06.10.08 10:15
Is there any doubt left now?
Nothing seems to be able to outdo in the rating of top-news the inflow of information coming from the frontlines of the world financial crisis. However, last week's news from Turkmenistan has stuck for long in the headlines of leading world information agencies. British Gaffney, Cline & Associates company has announced the results of the audit of gas fields in the eastern part of Turkmenistan.

The globally renowned auditor has estimated that South Yoleten-Osman gas field contains 6 trillion cubic meters of gas and Yashlar gas field - 0,675 trillion cubic meters of gas.

Now the estimates of the Turkmen gas exports potential changed from probable to officially confirmed, and grew by nearly 7 trillion cubic meters of gas. As regards South Yoleten-Osman field discovered by Turkmen geologists, it can be rated fifth or fourth in the world by its reserves.

One can probably call this news a positive one. The world business community negotiating with Turkmenistan the terms of Turkmen gas supplies to the world market has no doubts left about viability and reliability of such partnership. However, positive news, as it turned out, can bring double-sided happiness. Some are happy about prospects of big profits, others could not be more happy seeing his neighbor's cow dies.

The tone of comments in mass media is mixed with a fairly large portion of undisguised regret over the acknowledgement of the proved reserves of natural gas in Turkmenistan. There were a lot of skeptical assessments in the past of Turkmenistan's capacity to support the idea of multiple exports of natural gas. Now that there are no grounds for open skepticism those who got used to "doubt" anything on someone's order try to catch on the remains of distrust. They allege that the company that carried out an audit is not the most competent one in the world, and data it had provided needs a double check...Besides, one can see a tendency to cast doubt on Turkmenistan's ability to live up to its international commitments on gas supplies and on the prospects of the Russian-Turkmen gas partnership. Now, they say, Turkmenistan will have a free hand in choosing international partners and can reconsider its long-term gas export plans.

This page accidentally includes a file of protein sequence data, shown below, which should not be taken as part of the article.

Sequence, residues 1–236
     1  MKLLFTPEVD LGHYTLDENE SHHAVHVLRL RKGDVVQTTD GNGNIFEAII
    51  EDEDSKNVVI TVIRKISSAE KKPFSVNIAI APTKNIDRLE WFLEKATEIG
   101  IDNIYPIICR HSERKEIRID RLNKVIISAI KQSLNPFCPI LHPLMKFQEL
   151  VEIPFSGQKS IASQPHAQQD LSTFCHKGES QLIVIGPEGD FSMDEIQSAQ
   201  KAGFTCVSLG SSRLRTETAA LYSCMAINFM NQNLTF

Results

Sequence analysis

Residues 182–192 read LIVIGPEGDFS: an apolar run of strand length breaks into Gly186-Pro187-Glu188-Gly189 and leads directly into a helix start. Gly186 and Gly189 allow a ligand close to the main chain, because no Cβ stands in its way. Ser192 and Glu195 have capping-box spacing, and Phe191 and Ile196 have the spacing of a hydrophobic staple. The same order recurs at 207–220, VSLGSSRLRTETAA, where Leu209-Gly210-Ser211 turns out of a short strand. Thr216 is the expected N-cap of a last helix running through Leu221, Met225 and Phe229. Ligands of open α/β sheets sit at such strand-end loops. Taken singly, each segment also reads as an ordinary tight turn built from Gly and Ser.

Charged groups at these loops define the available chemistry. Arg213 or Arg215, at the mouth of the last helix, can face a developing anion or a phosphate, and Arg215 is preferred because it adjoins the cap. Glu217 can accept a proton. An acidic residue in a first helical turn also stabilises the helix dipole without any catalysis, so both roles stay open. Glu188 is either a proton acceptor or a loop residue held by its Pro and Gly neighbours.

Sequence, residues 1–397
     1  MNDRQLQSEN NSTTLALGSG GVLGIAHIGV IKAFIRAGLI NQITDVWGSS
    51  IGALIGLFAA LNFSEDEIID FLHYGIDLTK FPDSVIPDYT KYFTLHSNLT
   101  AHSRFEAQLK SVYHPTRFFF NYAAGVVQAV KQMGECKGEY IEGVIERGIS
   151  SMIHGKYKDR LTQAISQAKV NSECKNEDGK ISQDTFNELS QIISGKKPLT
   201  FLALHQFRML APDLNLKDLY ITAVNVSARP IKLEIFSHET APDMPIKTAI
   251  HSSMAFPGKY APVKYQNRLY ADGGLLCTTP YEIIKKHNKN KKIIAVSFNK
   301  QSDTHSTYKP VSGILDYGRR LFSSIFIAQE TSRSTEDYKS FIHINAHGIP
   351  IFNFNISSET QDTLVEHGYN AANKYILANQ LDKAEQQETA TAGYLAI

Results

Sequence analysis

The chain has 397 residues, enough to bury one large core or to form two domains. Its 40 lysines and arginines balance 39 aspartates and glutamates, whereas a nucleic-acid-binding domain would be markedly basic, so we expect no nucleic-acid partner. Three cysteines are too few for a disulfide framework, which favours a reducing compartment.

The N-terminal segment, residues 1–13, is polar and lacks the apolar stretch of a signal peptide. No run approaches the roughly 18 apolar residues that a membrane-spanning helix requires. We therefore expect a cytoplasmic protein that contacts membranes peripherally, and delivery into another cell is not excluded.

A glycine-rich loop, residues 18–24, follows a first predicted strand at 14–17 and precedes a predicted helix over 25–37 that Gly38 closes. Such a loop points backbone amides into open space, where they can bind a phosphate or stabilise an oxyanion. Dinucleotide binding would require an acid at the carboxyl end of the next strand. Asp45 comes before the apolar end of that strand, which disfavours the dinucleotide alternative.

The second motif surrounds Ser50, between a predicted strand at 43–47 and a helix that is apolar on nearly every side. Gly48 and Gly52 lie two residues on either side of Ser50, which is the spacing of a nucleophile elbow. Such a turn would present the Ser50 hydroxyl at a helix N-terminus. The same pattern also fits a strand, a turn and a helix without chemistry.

Life has repeatedly proved a simple worldly wisdom. It says one judges the world to the degree of one's perversity. If one doubts everything, which is an end in itself evidenced by a certain social custom, then even strongest arguments will never make him change his mind.

Isn't it better to check life realities in this situation? Over 17 years of its independence Turkmenistan has never given any unsubstantiated promises and never broken its international commitments. Turkmenistan has given a priority to its international commitments in the new constitution that was adopted in September 2008.

As regards preferences in choosing partners for large-scale economic projects, Turkmen President Gurbanguly Berdimuhamedov and his country are guided, first of all, by principles of the status of permanent neutrality and pragmatic approach to every specific situation, taking into account economic, not political advantages. In his recent interview to "Turkmenistan" magazine, the president of Turkmenistan said:

"Today, the constitutionally fixed guarantee of non-alignment to military blocs and alliances is best evidence of genuine peacefulness of Turkmenistan's foreign policy aspiration. This fact makes us understandable, predictable and open to any potential international partner. At the same time, it makes us free from the shadow of any politically motivated choices. The potential of Turkmenistan's permanent neutrality is a perfect instrument in the international economic partnership. Lack of external suspicions in political commitments make Turkmenistan a reliable partner for Turkey, as a NATO member, Russia, as a member of the Collective Security Treaty Organization (CSTO), and Iran, as a member of the Non-Aligned Movement. Undergoing unprecedented economic growth, Turkmenistan aspires to expand international economic cooperation with all interested partners on the mutually beneficial basis."

Now that a material basis has vividly demonstrated the reliability of Turkmenistan's economic potential and public statements by the head of state have aroused no doubts about his intentions do we need extra evidences of Turkmenistan's reliability as an international partner?

Complete skeptics are out of work by default, and I am sure their number will come to naught in the near future.

Konstantin VLADIMIROV, political scientist